Knudson

Dr. King cites a publication by theologian Albert Knudson.

Letter from Douglas Elleby to MLK

Wednesday, December 30, 1964

The Governor of Brazil, Adhemar de Barros, congratulates Dr. King on his receipt of the Nobel Peace Prize. Governor Barros expounds on what the Nobel Peace Prize stirred in the Brazilian nation. Sao Paulo, the larges city in Brazil, aspires to form a sense of fellowship with Dr. King and extend the appropriate honors for a man of peace.

A Look to 1964

This is a draft of the article "A Look to 1964" written by Dr. King. Published on January 1, 1964 in the New York Amsterdam News. In the article, Dr. King addresses the strides the African American people have taken towards the struggle for equality.

God

Dr. King quotes Psalms 111:3 and writes that "here is the familiar emphasis of the mercy and grace of God."

Race Problem

Dr. King discusses the solution to the race problem, citing Reinhold Niebuhr's view that human methods are irrational.

Letter from Paul Feldman to MLK About New Publications

Friday, January 26, 1968

In this letter Paul Feldman, the Publications Coordinator for the League for Industrial Democracy, informs Dr. King of the upcoming publication of a new work entitled, "American Power in the Twentieth Century" by Michael Harrington. Feldman also informs Dr. King of the predicted demand for the publication and urges him to place his order early.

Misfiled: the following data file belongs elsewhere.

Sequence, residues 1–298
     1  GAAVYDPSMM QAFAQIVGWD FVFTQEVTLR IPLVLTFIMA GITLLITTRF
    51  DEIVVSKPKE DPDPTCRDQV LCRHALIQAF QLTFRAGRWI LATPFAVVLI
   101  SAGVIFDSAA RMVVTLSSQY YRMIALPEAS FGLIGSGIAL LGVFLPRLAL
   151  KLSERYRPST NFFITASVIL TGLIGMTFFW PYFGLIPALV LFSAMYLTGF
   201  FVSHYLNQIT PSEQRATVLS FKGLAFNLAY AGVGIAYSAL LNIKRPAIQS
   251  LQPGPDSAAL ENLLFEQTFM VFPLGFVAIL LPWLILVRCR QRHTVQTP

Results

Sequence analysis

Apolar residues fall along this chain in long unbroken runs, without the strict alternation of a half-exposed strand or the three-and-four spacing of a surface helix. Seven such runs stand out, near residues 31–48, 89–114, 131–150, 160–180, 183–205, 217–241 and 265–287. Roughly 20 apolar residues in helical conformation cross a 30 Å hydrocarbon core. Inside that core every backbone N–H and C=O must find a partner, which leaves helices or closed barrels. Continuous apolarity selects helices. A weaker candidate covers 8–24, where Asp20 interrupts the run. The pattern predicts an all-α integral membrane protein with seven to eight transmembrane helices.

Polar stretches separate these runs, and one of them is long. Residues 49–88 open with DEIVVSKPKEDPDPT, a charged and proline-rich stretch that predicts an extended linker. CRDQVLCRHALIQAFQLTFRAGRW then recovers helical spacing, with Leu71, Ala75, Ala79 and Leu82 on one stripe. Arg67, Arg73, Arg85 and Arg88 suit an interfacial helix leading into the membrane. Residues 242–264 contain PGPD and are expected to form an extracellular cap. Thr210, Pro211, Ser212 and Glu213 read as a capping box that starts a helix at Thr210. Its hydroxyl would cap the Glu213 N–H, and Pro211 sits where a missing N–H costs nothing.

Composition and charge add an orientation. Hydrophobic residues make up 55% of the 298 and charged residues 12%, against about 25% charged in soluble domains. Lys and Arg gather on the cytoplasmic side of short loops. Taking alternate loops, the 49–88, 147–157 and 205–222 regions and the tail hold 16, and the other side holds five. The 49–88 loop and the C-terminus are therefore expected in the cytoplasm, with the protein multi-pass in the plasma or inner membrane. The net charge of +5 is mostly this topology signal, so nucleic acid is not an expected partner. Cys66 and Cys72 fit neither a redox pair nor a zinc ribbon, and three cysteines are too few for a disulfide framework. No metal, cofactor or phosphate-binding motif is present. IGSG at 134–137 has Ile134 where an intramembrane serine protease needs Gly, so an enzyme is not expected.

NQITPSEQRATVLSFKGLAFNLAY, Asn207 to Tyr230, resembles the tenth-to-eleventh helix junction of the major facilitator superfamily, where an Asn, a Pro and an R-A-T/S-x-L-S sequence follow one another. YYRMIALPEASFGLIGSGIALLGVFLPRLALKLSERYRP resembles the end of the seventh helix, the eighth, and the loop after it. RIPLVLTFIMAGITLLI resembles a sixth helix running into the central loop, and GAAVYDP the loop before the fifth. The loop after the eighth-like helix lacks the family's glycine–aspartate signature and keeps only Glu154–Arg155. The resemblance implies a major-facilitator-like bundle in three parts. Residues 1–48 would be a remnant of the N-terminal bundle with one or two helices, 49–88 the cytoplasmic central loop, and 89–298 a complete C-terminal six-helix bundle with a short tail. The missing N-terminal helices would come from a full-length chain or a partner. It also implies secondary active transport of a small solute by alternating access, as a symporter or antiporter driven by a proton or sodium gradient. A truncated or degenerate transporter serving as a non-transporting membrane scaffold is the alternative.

Thoughts on Nobel Prize

As Dr. King reflects on his acceptance of the 1964 Nobel Peace Prize, he draws a parallel to the American Negroes' nonviolent approach to civil rights and the people of India, Africa, and elsewhere throughout the world. King argues that "humanity's desperate need for peace and progress to move into the truly civilized world of the future" will ultimately derive from adherence to non-violence.

SCLC Flyer: Going Out of Business

The Fort Worth chapter of the SCLC issued this flyer advising its fellow Negro residents to boycott Bill Sodd's Meat Store because of discrimination.

Letter from Stanley Slota to MLK